Mr Ross says “We email each other about ‘how are you dealing with this?’ ‘I am seeing this in our fleet, are you?’ ‘Do you use helmets when your crew do a specific operation?’”
The discussions come down to very detailed areas, such as what kind of gloves are used for specific tasks. “We also ask each other about more structural areas, such as ‘what should the fire response team be on a ship?’ or ‘what kind of equipment should you have?’ or about the capabilities of firefighting equipment.”
He points out that Maersk had benefited from this and introduced new initiatives on the back of discussions with the CSSF and learning from the other member carriers. An example is that Maersk has introduced a thermal camera on board every ship in the fleet. This is used for screening hot and cold radiation for energy leaks, and can spot hotspots, such as on the auxiliary engines around the exhaust system, which could suggest a problem with the insulation or lagging around hot surfaces.
By spotting this with the camera, the issue can be dealt with so that if the oil leaks, it does not spray on a hot surface or ignite. It can also be used to help with firefighting. “We can go to a cargo hold and if there is smoke, scan the containers. The camera will pinpoint which one is too hot, through giving us a red image, and so lead us to the fire.”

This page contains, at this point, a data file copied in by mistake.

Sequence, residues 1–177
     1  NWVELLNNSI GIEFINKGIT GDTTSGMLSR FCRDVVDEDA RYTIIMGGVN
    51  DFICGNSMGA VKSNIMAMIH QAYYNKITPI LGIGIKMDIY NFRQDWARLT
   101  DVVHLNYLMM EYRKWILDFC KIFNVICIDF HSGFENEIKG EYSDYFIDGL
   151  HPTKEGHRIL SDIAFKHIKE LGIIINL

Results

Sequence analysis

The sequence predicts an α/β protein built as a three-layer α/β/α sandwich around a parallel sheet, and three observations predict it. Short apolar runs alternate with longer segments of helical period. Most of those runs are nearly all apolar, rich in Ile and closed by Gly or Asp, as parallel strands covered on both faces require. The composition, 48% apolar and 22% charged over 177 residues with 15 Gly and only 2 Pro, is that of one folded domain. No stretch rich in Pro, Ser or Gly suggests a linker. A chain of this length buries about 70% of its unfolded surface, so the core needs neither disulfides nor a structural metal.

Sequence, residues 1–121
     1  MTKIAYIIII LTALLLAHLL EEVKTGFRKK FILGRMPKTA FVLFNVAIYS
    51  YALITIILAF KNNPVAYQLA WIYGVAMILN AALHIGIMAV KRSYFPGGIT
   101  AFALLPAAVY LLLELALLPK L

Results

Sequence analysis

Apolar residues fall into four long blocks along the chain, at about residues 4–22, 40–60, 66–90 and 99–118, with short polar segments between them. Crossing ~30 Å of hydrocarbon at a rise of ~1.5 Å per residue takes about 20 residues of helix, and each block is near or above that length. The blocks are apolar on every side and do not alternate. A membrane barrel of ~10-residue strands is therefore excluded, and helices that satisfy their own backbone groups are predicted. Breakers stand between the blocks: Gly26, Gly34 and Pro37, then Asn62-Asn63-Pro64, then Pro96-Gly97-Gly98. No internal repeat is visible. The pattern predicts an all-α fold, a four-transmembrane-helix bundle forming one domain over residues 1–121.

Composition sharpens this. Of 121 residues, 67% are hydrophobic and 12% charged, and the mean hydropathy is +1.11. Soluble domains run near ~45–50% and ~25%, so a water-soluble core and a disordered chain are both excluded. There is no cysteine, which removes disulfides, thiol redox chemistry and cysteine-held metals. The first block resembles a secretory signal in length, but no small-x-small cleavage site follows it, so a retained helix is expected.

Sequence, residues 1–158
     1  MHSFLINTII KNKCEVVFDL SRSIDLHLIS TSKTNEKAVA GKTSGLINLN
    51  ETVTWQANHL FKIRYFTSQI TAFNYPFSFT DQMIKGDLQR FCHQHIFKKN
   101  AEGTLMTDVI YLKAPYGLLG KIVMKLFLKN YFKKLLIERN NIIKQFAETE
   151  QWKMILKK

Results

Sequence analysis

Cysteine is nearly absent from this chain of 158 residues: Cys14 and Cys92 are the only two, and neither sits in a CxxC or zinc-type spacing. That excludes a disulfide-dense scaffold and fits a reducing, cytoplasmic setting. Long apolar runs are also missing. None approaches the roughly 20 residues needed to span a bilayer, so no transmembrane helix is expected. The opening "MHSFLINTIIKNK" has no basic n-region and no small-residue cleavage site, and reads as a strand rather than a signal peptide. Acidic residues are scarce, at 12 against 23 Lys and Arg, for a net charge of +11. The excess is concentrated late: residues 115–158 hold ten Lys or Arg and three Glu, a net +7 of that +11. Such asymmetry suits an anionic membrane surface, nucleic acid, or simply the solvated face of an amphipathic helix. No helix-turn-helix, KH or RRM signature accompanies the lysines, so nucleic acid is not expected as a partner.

This piece of equipment has been well received by Maersk’s officers. Mr Ross says “This has had positive feedback. We discussed it with officers they said it was great, that they used it so much for preventative maintenance and said they really appreciated it. It is just a detail but shows that we have learnt something from the forum.
“It is a concrete example about how we have learnt from the experience of another company, where we have found we were facing the same problem and adopted their solution.”